Sunday, July 22, 2018
Stage

It's back to 1959 with Show Palace production of 'Grease'

HUDSON — Time for girls to drag out their pedal pushers and guys to don their white T-shirts (with a pack of ciggies rolled in the sleeve) and go back to 1959 at Chicago's Rydell High School, home to the Burger Palace Boys and their Pink Ladies, and all the singing, dancing, romance, illicit sex and other things that create Grease, the 1972 record-breaking, Tony-nominated Broadway musical.

It's playing April 16 through May 22 at the Show Palace Dinner Theatre. And even a week before opening night, most shows were almost sold out — even though five shows were added to the regular schedule.

Grease started out as a raunchy musical in a Chicago trolley barn, but it has morphed over the years to something more family friendly. (There's even a totally sanitized version suitable for high school productions.) The Show Palace version is middle-of-the-road, with all the beloved songs from both the stage show and the John Travolta movie, as well as the issues of teen sexual exploration and pregnancy, gang violence, and social and economic class conflict.

It held the title of longest-running show on Broadway for years and launched the careers of performers who became household names — Richard Gere and Rosie O'Donnell, for instance.

For the upcoming production, director/choreographer Jill Godfrey is bringing back several Show Palace favorites, plus some newcomers.

Molly Anne Rose (Dorothy in The Wizard of Oz) plays Sandy Dumbrowski, the beautiful, virtuous new girl in school who falls for Burger Palace Boys big shot Danny Zuko (Hunter Brown, Show Palace debut). They have had a summer romance that Sandy describes as chaste, while Danny implies to his buddies was wild and crazy (Summer Nights). It has apparently ended, until Sandy and Danny run into each other the first day of the new school year, and the spark is still there.

Sandy is eager to resume the relationship. But Danny, having bragged about things that never happened, is reluctant to do so for fear the truth will come out and he'll look foolish.

Sandy is heartbroken, but consoled by the Pink Ladies. They go to a pajama party at Marty's (Christie Rohr, Val in A Chorus Line), who sings of Freddy, My Love, her long-distance boyfriend. The guys steal hubcaps and admire the new hot rod that boisterous Kenickie (Stephen Antonelli, Caveman Ancestor in The Addams Family) has recently acquired (Greased Lightnin').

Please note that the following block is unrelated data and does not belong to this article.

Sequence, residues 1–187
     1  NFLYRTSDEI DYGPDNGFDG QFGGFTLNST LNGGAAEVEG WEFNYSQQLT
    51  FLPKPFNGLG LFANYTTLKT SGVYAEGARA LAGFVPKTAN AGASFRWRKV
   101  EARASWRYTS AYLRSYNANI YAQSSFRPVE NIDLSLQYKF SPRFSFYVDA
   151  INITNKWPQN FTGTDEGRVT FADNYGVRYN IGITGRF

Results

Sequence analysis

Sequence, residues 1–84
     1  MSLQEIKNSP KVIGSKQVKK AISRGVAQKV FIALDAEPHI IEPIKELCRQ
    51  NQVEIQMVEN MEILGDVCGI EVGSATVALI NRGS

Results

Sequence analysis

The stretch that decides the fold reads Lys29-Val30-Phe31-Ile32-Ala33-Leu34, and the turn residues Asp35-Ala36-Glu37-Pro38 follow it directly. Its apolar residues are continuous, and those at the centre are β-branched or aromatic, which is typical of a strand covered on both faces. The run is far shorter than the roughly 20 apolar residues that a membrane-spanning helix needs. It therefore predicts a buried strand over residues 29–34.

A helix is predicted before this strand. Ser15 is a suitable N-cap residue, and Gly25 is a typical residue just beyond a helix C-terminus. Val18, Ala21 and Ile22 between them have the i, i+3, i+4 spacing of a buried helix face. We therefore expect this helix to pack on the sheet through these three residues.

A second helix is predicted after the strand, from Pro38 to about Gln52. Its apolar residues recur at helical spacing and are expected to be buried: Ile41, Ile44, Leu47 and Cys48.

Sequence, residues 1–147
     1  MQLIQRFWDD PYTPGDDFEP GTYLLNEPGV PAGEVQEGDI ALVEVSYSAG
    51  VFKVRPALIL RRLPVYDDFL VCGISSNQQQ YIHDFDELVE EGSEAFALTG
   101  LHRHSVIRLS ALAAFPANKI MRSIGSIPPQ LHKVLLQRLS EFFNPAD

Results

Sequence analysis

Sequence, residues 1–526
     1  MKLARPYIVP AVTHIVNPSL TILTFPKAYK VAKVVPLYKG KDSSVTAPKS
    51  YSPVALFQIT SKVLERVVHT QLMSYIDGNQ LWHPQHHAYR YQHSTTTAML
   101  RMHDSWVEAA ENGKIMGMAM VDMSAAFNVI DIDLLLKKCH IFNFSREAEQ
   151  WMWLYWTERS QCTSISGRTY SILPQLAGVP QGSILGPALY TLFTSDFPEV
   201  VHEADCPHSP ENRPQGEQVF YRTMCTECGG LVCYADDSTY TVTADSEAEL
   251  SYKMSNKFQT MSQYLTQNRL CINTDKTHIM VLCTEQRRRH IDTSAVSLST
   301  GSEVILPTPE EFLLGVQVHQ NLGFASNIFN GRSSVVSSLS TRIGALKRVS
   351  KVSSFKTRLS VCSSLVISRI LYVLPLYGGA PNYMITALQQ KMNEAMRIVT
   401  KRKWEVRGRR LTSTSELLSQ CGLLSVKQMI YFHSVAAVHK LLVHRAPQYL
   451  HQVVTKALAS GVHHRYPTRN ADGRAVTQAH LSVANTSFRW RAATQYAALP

Danny joins the track team, while Sandy becomes a cheerleader. But "bad girl" Betty Rizzo (Katherine Walker Hill) teases Danny about falling for a "good girl" (Look at Me, I'm Sandra Dee), and Danny ends up not asking Sandy to prom.

Trouble really starts when Kenickie shows up with the sexy ChaCha DeGregorio (Alyssa Elrod, assistant choreographer), then dumps her for Rizzo, and Danny ends up with ChaCha. Danny and ChaCha hit it off and win the dance contest (Born to Hand Jive), but then it comes out that ChaCha is the girlfriend of one of the fellows in the rival gang, the Flaming Dukes. That leads to a challenge to a rumble, as other complications follow.

But not before some big production numbers with lots of singing and dancing to You're the One That I Want, We Go Together, and the tender ballad There Are Worse Things I Could Do, as well as the drippy It's Raining on Prom Night and Beauty School Dropout.

The 16-member cast also includes Timothe Bittle as Teen Angel; Mary Anne Edwards as the spinster English teacher Miss Lynch; Jared E. Walker as prom emcee Vince Fontaine; Caleb Brening as class nerd Eugene Florczyk; Jay R. Goldberg as Roger, Danny's buddy; Jordan Wolfe as Doody, an aspiring rock star; Ben Hill as Sonny; and Collen Cherry as Jan, Alexus Nagy as Frenchy and Lindsay Nantz as Patty, the other Pink Ladies.

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